Where was the Tree of Liberty? One block east of Boylston Station (Green Line) and Boston Common, at Washington and Essex Streets, is the site of the famous Liberty Tree. Embedded in the wall of the building located at 630 Washington Street is a tablet marking the spot of the historic landmark, bearing the inscription “Sons of Liberty, 1766.”
What is the Tree of Liberty? At the time of the revolution, a great elm tree stood in front of a grocery store here. It had wide spreading beautiful branches, and for many years was the center of business in Boston’s original South End. Several large elms grew nearby, and this area was known as the Neighborhood of Elms.
On August 14, 1765, this particular tree was selected for hanging the effigies of those men who favored passage of the detested Stamp Act. On September 11th, a 3.5′ by 2.5′ copper plate, with large golden letters, was placed on its trunk bearing the inscription The Tree of Liberty. There after, nearly all the great political meetings of the Sons of Liberty, were held in this square. It is believed the early dissenters of British rule, or Sons Of Liberty, had also adorned this tree with lanterns to symbolize unity.
Thomas Jefferson stated it plainly in a letter to William Smith regarding Shay’s Rebellion: “god forbid we should ever be twenty years without such a rebellion . . . the tree of Liberty must be refreshed from time to time with the blood of patriots & tyrants. it is it’s natural manure.”
The British made the Liberty Tree an object of ridicule. British soldiers tarred and feathered a man named Ditson, and forced him to march in front of the tree. During the siege of Boston, about the last day of August 1775, a party of Loyalists led by Job Williams, defiantly cut it down.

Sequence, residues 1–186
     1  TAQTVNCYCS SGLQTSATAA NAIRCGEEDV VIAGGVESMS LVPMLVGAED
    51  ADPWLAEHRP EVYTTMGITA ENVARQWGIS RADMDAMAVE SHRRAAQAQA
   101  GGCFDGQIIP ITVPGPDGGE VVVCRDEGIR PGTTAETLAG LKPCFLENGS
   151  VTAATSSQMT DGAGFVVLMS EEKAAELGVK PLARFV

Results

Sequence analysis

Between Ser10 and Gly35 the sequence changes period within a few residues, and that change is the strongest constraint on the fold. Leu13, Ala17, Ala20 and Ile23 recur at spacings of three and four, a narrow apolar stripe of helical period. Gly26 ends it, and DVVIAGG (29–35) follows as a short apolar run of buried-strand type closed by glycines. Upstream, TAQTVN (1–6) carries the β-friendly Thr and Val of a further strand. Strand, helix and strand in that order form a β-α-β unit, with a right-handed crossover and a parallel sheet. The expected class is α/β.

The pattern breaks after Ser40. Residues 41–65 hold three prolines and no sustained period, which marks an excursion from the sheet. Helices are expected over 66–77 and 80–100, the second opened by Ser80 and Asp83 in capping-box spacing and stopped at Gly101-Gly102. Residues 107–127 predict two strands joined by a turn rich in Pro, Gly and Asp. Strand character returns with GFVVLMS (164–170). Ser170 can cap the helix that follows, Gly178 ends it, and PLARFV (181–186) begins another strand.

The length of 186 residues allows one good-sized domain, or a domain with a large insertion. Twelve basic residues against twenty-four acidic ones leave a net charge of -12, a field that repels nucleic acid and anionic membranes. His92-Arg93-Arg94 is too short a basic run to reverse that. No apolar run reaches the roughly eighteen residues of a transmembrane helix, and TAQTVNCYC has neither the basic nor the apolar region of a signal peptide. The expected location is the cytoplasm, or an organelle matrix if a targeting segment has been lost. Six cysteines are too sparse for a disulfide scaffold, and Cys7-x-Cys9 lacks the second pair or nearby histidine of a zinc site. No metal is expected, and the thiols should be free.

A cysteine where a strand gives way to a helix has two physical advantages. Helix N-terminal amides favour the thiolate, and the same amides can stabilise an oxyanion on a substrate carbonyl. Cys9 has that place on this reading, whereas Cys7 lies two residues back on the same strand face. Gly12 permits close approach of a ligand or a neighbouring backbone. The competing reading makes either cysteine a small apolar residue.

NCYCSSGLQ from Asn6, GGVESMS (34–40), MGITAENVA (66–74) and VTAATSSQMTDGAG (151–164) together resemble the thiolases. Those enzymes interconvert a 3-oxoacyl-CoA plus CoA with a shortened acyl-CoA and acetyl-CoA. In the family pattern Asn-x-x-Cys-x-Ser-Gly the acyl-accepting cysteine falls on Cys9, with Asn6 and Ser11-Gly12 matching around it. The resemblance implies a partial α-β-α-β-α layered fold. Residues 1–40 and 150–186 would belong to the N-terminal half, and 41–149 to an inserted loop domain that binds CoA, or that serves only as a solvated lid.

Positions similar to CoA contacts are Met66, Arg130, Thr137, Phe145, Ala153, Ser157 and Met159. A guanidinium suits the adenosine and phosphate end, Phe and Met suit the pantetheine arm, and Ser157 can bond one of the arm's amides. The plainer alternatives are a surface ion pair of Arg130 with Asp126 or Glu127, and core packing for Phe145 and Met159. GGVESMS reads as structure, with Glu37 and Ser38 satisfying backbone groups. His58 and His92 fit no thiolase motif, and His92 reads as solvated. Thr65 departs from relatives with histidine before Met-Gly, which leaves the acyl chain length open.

The Liberty Tree was planted in 1646 and stood for 129 years. Quoting the Pemberton Manuscripts of 200 years ago, at this spot had been “born the first fruits of Liberty in America.”
For many years the remnant of the tree was used as a reference point by local citizens, similarly to the Boston Stone, and became known as the Liberty Stump.
There is also a bronze artwork commemorating the Liberty Tree embedded in the side walk on the south side of Boylston Street. The tragic Paramount Hotel gas explosion took place at this location in 1966.
“Armed with axes,” the Essex Gazette reported, “the British soldiers made a furious attack upon it. After a long spell of laughing and grinning, sweating, swearing, and foaming with malice diabolical, they [British soldiers] cut down a tree because it bore the name of Liberty.”
What is the history of the Tree of Liberty? Here is a link to Wiki.
– Here is a link to the historical marker location, the tree was actually inside Boston, MA.
Here is an article from the website Celebrate Boston:
Patriots met at the Liberty Tree in Boston during the late 1760s. The tree got its nickname from an act of rebellion that occurred on August 14, 1765. On September 11 of that year, a plaque was placed on the elm tree commemorating the event with the words The Tree of Liberty.
The Stamp Act was passed by the British Parliament on March 22, 1765, and went into effect on November 1. Taxes were levied on all documents—from real estate paperwork to even a deck of cards.